Welcome to another Lucky Dog article. There are many different methods of training, using a variety of mechanisms and tools to reach the desired result – a well-trained dog. This article is not designed to teach you how to teach your dog any single command-response action, but rather, to teach you the ten key concepts you absolutely need to know in order to successfully employ clicker training in your training regimen.
Concept #1: Always plan for your clicker training sessions when your energy is high and your mood is good. If you begin your sessions with an upbeat, happy mood, your dog will pick up on this and be more eager to please and share in your good mood. Conversely, if you are feeling tired, irritated or frustrated, do not start a clicker training session – even if you had planned and scheduled time for yourself to do so. Training a dog is an activity that in and of itself can be frustrating at times, and you should never start a session already irritated.
Concept #2: Dogs generally have a relatively short attention span and the length of the session should mirror this fact. They are not college kids who can handle classes of upwards of ninety minutes at a time; no matter how wonderful your dog is he (or she) is still a dog. Especially when first accustoming your dog to training, keep your training sessions short, upbeat, and fun. Start with sessions that are only a few minutes, and gradually increase to sessions of up to fifteen minutes as your dog becomes accustomed to the idea of training. Focus on only one new command per session, but reinforce previously-learned commands in each session as well.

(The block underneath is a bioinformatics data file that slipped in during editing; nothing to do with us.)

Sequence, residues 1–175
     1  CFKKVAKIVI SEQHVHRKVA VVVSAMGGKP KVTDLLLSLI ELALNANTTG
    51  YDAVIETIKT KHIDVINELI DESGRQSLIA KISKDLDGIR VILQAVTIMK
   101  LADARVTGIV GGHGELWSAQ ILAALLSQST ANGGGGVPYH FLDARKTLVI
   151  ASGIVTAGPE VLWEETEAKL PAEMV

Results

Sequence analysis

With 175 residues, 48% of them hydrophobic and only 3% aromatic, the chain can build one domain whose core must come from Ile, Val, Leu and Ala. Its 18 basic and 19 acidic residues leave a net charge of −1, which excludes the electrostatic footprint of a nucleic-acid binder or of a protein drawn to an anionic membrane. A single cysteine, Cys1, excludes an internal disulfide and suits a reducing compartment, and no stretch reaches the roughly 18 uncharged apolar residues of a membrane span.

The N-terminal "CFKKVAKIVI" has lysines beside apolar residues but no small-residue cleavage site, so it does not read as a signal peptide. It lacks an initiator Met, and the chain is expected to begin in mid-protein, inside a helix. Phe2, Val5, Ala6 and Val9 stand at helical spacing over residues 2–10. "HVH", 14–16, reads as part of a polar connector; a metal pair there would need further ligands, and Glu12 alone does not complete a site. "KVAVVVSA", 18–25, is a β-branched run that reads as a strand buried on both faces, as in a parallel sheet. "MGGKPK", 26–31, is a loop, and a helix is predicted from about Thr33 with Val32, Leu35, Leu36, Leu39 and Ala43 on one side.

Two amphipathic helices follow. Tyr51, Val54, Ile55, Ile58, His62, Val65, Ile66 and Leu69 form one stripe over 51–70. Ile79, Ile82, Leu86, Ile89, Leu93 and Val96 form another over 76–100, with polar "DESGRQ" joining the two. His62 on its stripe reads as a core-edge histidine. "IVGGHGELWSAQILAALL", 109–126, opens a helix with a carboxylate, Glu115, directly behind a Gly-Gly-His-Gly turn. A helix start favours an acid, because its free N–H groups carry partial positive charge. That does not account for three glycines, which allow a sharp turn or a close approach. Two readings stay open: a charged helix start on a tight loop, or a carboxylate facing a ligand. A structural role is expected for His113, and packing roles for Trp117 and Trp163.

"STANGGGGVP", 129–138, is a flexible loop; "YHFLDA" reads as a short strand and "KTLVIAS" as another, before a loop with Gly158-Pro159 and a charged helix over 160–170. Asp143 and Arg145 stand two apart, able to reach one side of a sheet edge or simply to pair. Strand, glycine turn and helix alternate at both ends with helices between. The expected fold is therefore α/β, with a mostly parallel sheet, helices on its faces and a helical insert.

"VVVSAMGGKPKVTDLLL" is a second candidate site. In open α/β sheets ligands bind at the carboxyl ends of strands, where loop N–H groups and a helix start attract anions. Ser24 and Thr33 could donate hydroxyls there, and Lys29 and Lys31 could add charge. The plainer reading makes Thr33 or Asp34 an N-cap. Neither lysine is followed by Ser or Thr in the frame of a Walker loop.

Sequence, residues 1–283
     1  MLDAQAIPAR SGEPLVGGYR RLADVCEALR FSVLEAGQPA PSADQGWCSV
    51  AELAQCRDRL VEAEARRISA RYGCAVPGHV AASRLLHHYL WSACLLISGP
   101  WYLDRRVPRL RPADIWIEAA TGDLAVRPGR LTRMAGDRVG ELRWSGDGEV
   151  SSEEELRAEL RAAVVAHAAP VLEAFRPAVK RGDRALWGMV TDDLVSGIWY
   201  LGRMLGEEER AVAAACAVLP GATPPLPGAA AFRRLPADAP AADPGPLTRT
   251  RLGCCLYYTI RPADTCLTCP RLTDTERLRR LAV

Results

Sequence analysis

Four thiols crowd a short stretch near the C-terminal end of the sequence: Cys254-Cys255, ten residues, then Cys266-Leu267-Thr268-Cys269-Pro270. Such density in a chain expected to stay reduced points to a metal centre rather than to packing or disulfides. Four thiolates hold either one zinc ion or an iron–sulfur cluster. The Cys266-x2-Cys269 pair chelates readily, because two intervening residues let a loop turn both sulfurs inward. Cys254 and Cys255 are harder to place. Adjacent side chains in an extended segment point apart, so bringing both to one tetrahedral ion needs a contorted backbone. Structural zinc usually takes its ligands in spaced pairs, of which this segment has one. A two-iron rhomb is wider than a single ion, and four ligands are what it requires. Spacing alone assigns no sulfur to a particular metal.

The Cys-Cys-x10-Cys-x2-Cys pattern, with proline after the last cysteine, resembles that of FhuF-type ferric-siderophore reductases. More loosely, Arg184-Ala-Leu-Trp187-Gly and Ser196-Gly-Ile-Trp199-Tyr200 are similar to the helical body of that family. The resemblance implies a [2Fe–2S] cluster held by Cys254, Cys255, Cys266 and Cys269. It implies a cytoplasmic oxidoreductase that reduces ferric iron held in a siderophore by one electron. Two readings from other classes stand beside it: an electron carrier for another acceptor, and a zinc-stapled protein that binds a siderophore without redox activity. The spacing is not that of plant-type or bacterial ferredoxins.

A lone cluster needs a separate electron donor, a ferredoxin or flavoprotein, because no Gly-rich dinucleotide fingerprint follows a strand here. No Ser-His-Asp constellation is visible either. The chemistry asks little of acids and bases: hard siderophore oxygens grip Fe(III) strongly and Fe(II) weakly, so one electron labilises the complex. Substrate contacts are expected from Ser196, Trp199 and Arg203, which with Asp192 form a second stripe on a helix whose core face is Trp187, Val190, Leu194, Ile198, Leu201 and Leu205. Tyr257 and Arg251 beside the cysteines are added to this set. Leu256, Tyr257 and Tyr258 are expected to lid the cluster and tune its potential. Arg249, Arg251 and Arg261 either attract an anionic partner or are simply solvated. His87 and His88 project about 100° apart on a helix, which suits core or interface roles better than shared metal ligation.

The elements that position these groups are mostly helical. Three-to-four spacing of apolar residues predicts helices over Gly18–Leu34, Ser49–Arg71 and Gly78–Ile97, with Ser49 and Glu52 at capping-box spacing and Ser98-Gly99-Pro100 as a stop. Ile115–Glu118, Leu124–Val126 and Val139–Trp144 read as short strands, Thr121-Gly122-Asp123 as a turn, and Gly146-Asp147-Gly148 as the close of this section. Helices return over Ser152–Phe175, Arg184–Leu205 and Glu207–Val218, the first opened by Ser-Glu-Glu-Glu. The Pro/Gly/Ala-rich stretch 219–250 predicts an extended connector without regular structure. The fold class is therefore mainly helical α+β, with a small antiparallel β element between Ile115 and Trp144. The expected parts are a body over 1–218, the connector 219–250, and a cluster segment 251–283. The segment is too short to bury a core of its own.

Concept #3: Commands must be consistent and short – one or two words. If you wish to teach your dog to not jump up on people or furniture, you might use the command “Off” in the first session meant to teach the command and desired response. If you then switch in the next session to the command “Down” and expect the same response, your dog will almost certainly be confused. Likewise, do not surround the command with additional words that your dog does not understand – just use the dog’s name followed by the command. Preplan your commands and desired responses before your training sessions so that you don’t need to change a command-response after you have already begun teaching it in your sessions.
Concept #4: Most trainers will use a reward, such as a small treat, to reward the dog for producing the correct response. Reward treats should be small, bite-sized treats; giving larger treats, which will take the dog longer to eat, will reduce the actual training time. Many trainers believe that the treats should be particularly special – something your dog prefers over his regular food or treats. Some trainers choose to use bits of the dogs’ regular dry kibble. You may wish to experiment to see if the use of either a special treat or bits of the regular kibble causes a variation in your dog’s response; use whichever helps your training sessions to be successful. In addition to a food reward, be prepared to be very upbeat with your praise, both vocally “Good Sit, Jack!” and a pat or two on the head. If your dog shows boredom with the selected treat, consider having two or three types of treats so that your dog is always happily surprised by which treat he will earn. Don’t be afraid to give several of the bite-sized treats when your dog “gets” the command and executes it for the first time exactly the way you want it.